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The coronavirus-shuttered 9/11 Memorial Plaza reopened for a select crowd Saturday after a four-month closure, with a Fourth of July moment of silence honoring those killed by the pandemic.
Mayor de Blasio, former Mayor Michael Bloomberg, New Jersey Gov. Phil Murphy, Sen. Chuck Schumer, Manhattan Borough President Gale Brewer and 9/11 Memorial & Museum CEO and President Alice Greenwald shared a brief Saturday stop at the Lower Manhattan memorial’s Survivor Tree to honor those lost to COVID-19.
“The Fourth of July is about our country’s commitment to its underlying values: freedom, equality, independence, nationhood,” said Greenwald. “9/11 is so much a part of the history of this nation. It was the worst terrorist attack on our soil in our nation’s history. That said, it’s also an emblem, this place, of how we can meet adversity and come through it.”
Accompanied by the mournful sound of three bagpipers on Independence Day, the small group — most wearing masks with the words “United By Hope” — walked in unison ahead of two American flag bearers. A wreath of red, white and blue flowers stood by the tree, with the officials placing small American flags in a fence surrounding the Callery pear tree rescued from the rubble of the Twin Towers.
The plaza, with its twin reflecting pools engraved with the names of those lost on Sept. 11, 2001, was closed back on March 13. The hallowed stretch of Lower Manhattan, including the Memorial Glade honoring those killed by 9/11-related illnesses, opened Saturday to members of the 9/11 community.
Dan Noesges, 72, spent seven weeks working 12-to-15 hours shifts at Ground Zero as the search for survivors shifted to locating the remains of those killed in the attack. He was among the first to return when the memorial reopened Saturday.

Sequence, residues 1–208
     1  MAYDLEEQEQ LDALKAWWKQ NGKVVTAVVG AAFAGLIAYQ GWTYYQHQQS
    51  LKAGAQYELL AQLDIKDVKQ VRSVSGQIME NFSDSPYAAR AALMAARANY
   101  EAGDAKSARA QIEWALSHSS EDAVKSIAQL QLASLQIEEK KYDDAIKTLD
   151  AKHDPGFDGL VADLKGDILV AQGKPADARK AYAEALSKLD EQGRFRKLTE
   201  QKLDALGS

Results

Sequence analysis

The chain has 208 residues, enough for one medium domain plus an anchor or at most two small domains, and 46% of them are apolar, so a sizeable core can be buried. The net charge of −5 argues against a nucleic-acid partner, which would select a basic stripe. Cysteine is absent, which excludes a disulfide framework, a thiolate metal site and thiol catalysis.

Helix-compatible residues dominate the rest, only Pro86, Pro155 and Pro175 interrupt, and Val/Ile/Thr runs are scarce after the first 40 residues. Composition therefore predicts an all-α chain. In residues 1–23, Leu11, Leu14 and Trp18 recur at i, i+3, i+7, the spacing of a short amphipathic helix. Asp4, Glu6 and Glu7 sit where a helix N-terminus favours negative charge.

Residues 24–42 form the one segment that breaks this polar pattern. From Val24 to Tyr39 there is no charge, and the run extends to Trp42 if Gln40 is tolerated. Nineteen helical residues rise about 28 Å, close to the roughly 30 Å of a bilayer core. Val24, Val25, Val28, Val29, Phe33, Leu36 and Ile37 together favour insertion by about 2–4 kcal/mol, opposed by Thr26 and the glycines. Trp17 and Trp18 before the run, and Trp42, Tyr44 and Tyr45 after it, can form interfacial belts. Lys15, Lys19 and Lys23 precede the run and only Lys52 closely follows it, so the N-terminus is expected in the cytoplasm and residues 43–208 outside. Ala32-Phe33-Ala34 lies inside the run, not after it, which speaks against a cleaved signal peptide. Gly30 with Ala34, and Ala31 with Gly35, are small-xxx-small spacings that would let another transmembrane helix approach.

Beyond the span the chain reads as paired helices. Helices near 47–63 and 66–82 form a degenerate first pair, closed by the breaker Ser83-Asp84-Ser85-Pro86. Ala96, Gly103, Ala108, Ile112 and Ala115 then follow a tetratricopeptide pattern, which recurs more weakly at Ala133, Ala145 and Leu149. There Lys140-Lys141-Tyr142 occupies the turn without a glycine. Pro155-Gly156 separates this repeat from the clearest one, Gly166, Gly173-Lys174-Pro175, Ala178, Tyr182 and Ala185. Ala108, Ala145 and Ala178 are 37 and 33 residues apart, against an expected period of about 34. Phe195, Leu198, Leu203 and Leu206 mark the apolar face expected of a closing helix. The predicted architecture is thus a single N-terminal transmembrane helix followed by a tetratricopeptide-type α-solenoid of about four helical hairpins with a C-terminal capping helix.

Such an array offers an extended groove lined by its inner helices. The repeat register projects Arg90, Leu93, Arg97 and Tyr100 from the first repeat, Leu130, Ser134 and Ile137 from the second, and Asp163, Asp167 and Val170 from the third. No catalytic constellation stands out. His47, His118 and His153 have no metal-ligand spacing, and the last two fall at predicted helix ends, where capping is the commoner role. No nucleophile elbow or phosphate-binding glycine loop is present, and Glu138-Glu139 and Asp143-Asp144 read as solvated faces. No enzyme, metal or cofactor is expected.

“I got there on Sept. 12, the day after,” said the Vietnam veteran. “I had no hesitation whatsoever. It’s something that should never be forgotten.”
Martin Nystrom, 54, conducted walking tours with the 9/11 Tribute Museum before the pandemic forced its shutdown. He too worked in the search and rescue operation immediately after the terrorist attack, and said it took him three years before he could return to Ground Zero.
“They told us to expect everything and anything,” recalled Nystrom. “I didn’t want to come back and see an image that would remind me of what I’d seen.”
His emotions were different Saturday as he walked around the site honoring the 2,753 people killed in the terrorist attack: “It warms my heart.”
More than 400 FDNY and NYPD members died over the last 18 years from 9/11-related illnesses, according to officials.